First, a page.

Stress affects us all. The detrimental effects of excess stress have been well documented in a wide range of medical publications.
Thousands of research articles, studies and books prove beyond a shadow of doubt, that stress can be a factor in any disease. Stress alters biochemistry and neurological functioning, and can weaken the immune system and the digestive tract. This neuro-psychological-immuno link is well established in many peer reviewed medical journals on Psychoneuroimmunology.
The Fight or Flight Response
Stress can trigger the body’s response to a perceived threat or danger, called the Fight-or-Flight response. During this reaction, certain hormones like adrenalin and cortisol are released, speeding the heart rate, slowing digestion, decreasing blood flow to major muscle groups, and changing various other autonomic nervous functions thus, giving the body a burst of energy and strength. This response originally named for its ability to enable us to physically fight or run away when faced with danger, is now activated in situations where neither response is appropriate, like in traffic or during a stressful day at work.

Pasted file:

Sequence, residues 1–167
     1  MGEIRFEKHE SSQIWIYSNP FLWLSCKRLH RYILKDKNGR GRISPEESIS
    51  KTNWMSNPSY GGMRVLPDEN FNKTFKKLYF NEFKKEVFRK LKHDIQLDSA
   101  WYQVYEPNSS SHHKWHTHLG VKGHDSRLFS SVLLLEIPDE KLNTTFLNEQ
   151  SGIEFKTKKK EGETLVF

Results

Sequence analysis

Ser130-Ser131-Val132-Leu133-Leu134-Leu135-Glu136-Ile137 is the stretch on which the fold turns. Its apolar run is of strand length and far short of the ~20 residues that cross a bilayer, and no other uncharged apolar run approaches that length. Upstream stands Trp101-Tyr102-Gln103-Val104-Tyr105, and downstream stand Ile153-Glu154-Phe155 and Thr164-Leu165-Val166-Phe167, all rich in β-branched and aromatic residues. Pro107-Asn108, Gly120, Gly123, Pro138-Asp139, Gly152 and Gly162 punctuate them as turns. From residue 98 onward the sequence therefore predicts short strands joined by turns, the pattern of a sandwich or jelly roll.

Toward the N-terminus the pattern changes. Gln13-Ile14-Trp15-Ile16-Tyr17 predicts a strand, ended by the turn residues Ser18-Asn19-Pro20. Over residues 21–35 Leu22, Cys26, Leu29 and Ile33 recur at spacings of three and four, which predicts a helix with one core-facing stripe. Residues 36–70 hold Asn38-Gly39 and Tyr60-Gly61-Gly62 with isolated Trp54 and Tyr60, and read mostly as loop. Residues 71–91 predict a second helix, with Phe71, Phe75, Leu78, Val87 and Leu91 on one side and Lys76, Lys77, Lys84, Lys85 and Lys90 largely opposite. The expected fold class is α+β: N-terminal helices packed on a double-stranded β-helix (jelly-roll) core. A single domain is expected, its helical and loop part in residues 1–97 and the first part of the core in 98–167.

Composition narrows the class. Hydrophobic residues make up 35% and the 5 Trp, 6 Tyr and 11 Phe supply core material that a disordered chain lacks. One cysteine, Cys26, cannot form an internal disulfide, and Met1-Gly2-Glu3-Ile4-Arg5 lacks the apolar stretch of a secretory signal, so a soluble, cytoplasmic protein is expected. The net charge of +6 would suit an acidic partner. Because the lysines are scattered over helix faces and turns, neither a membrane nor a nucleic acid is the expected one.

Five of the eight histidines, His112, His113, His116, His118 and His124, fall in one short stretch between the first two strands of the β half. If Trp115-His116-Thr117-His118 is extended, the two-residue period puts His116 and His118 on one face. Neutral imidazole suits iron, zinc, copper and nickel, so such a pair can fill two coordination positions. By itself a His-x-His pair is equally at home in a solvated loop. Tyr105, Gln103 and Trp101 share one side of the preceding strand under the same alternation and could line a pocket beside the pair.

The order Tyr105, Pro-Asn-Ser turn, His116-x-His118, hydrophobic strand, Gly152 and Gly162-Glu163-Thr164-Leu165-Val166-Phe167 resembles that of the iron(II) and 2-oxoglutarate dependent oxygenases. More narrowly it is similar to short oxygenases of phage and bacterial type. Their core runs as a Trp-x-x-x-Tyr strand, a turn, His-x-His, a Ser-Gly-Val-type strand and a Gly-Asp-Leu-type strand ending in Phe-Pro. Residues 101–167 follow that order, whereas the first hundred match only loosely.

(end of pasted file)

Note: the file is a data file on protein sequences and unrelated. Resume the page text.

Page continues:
When the perceived threat is gone, systems are designed to return to normal function via the relaxation response. However, in times of chronic stress, this often doesn’t happen, causing damage to the body if stress is not reduced and managed.
Common physiological changes resulting from stress reactions include:
1. Increased Heart Rate – which can lead and/or contribute to heart conditions.
2. Hormonal Fluctuations – which can lead and/or contribute to endocrine, reproductive, digestive disorders, obesity, diabetes and mental disorders.
3. Constriction of muscles and blood vessels – which can lead and/or contribute to pain, tension, circulatory issues, cardio-pulmonary issues and asthma.
4. The suppression of non-essential life processes – which affects reproduction, higher executive brain function, digestion and immunity.
Many people think of stress only in terms of things like deadlines at work, family or relationship stress, financial pressures, traffic jams, or the death of a loved one perhaps. However, stress reactions also occur on the unconscious, cellular, subtle or energetic levels each time we are exposed to a toxin, pathogen or allergen; and every time our body experiences a nutritional deficiency or excess.
This is where the application of biofeedback can make a difference, but how?